Rihanna’s Savage x Fenty is the polar opposite of Victoria’s Secret.
Makeup is big business, lingerie is big business, and Rihanna is a force of nature rocking both worlds. That much was clear on Wednesday night, when the singer and entrepreneur staged a show for her lingerie line, Savage x Fenty, at New York Fashion Week.
It was a lush, surreally Edenic performance piece, in which dancers and models prowled, whirled, and ran, laughing, across a grassy set strewn with fountains, plants growing under fluorescent lights, and geodesic domes. All 17 minutes, which you can watch on YouTube, are mesmerizing.
Runway shows are an odd tradition. They cost a ton of money, but their appeal is fairly limited to fashion wonks. Much of the clothing doesn’t even go into production. It sometimes seems like a fashion show evaporates the second it’s done.
But this Savage x Fenty presentation is worth paying attention to because Rihanna has emerged as a leader in the world of consumer products, and has made diversity part of her brand’s DNA, rather than deploying it as a one-off marketing tactic. Her Fenty Beauty collection became a smash hit in large part because it launched with 40 shades of foundation — something that should be standard, but isn’t, as many makeup brands ignore women of color when formulating products. Just a few months later, a slew of major makeup brands had followed her lead.
And with this particular fashion show, Rihanna accomplished a few things. She put inclusivity front and center, by hiring a group of performers and models that was diverse in terms of race and, notably, size. And she offered an alternative to the cheery, homogenous vision of female sexuality put forth by the best-known lingerie brand in America, Victoria’s Secret.
Savage x Fenty pushes fashion in a more inclusive direction
For too many years, fashion shows looked like this: A stream of very thin, very young, very white women solemnly marching in a line. Designers and casting directors have been slow to increase diversity on the runway — despite many calls to do so — but recent years have shown progress. Yet keeping in mind fashion’s spotty track record on diversity historically, not just in fashion shows but on magazine covers, some have wondered how sincere the industry really is, particularly when it comes to race.
Representation of different body shapes is a particularly weak point for brands that show at fashion week. For the fall 2017 season, plus-size models accounted for only 0.43 percent of castings, according to a Fashion Spot tally. Even when brands do put plus-size models on the runway, they don’t always manufacture clothing in sizes that those models could buy.
Fashion models tend to be seen as paragons of beauty — a message that consumers absorb, whether they want to or not — so it matters who brands work with. Rihanna’s emphasis on hiring models of many sizes and ethnicities (and a few with pregnant bellies) sends a message.
The runway isn’t everything, however. Though Rihanna launched Savage x Fenty last spring with the message that it would be for people of “all shapes and sizes,” she quickly caught flak from some fans for only going up to a DDD bra. (That’s as far as Victoria’s Secret and Aerie go, too.) Looking at the brand’s website, that still seems to be the case.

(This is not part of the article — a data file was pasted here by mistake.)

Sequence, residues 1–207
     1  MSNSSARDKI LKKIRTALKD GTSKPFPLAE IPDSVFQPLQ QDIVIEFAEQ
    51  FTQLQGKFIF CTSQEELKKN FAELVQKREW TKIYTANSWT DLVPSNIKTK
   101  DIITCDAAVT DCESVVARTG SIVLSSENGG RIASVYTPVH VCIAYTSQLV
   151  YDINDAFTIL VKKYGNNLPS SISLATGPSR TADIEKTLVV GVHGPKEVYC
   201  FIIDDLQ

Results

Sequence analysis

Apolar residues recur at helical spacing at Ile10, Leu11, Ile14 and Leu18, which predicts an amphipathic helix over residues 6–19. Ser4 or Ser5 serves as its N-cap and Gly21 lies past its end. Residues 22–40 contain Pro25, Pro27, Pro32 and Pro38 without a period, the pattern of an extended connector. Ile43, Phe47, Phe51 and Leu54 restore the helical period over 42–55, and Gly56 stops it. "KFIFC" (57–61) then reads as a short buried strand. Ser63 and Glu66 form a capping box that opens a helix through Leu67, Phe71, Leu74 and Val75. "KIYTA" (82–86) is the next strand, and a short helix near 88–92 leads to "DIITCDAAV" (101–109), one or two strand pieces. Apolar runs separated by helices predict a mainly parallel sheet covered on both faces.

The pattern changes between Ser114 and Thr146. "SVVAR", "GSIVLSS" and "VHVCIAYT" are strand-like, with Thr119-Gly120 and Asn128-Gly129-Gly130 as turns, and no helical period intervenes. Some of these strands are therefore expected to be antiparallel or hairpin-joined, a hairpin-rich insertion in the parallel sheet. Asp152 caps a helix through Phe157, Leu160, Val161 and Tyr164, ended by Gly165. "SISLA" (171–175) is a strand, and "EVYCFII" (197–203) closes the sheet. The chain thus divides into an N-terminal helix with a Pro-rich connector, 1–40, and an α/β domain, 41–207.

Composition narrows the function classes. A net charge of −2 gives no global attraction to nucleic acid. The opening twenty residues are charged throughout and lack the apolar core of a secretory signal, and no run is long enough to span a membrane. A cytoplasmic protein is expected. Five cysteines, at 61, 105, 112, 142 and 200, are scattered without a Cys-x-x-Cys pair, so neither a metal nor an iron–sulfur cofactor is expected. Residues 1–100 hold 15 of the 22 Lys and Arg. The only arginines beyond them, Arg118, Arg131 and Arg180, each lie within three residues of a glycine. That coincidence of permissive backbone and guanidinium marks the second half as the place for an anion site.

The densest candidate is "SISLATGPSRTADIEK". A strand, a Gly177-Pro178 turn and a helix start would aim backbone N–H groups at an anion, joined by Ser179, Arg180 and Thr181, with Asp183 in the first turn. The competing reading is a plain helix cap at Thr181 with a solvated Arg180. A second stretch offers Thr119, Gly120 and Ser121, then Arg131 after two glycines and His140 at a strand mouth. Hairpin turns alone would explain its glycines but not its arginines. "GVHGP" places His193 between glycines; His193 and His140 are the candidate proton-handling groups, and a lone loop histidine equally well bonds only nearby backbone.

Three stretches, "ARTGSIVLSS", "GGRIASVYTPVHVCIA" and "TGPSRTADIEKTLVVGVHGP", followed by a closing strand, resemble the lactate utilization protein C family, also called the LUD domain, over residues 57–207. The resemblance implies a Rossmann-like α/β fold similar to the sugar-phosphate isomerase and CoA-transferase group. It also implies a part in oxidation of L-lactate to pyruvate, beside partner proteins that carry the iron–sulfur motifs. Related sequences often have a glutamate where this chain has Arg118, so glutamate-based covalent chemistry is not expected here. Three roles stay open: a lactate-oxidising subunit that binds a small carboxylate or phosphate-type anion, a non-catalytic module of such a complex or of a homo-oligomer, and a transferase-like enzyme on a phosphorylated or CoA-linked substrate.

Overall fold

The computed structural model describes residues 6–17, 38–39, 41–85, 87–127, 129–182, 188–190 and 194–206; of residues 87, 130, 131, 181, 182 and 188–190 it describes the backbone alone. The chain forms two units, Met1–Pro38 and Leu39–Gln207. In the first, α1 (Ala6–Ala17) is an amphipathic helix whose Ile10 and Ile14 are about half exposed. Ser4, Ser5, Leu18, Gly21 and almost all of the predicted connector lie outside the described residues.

Waiting for Savage X Fenty to expand their cup sizes. pic.twitter.com/H9rQMpeqPr
— Abby Tebeau (@AbbyTebeau) September 13, 2018
Rihanna’s fashion show makes Victoria’s Secret look obsolete
With more than 1,100 stores, sales of $5.8 billion last year, and a cast of “angels” that it markets as in-house celebrities, Victoria’s Secret is by far the most visible lingerie brand in America. Every winter it puts on a blowout fashion show, complete with performances by musicians like Bruno Mars, Taylor Swift, and, yes, Rihanna.
Victoria’s Secret is all about a placating, unchallenging brand of sexy. It’s pushup bras, angel wings, glossy curls, long legs, and impossibly toned abs. Though the brand seems to have made some strides on racial diversity with its latest slate of runway models, announced earlier this week, there’s really only one kind of body on display.
Whereas the Victoria’s Secret Fashion Show can feel like an homage to the male gaze, Savage x Fenty’s show expressed something entirely different: A crowd of underwear-clad people communing with each other (leaning on a partner’s shoulders or lunging across the grass in sync) and with themselves. They get weird.
Victoria’s Secret angels take smiling, careful spins at the end of the catwalk; Rihanna’s dancers were sweaty with exertion. Even if no one had showed up to watch the presentation, it felt like that self-sufficient little world would still be pounding with intensity.
And the irrelevance of the audience is very much the point.
“Women should be wearing lingerie for their damn selves,” Rihanna told Vogue in May. “I can only hope to encourage confidence and strength by showing lingerie in another light. You don’t have to stick to one personality with lingerie; it’s fun to play around. You can be cute and playful one week and a black widow next week.”
Shoppers do seem to be tiring of the sameness of Victoria’s Secret. Viewership of its fashion show has been steadily dropping for years, and sales were down 8 percent last year. One brand stealing Victoria’s Secret’s thunder is Aerie, which sells a more attainable kind of beauty with its unpadded bras and unretouched ads.
But it’s not just Victoria’s Secret, and it’s not just lingerie — much of fashion week looked tired in comparison to the freshness and electricity at Savage x Fenty. Indeed, the weakest part of the show was appearances by the models Gigi and Bella Hadid, whose seasoned runway struts seemed stiff and out-of-place next to the dancers around them.
Now, if Savage x Fenty could just extend its sizes.
Author: Eliza Brooke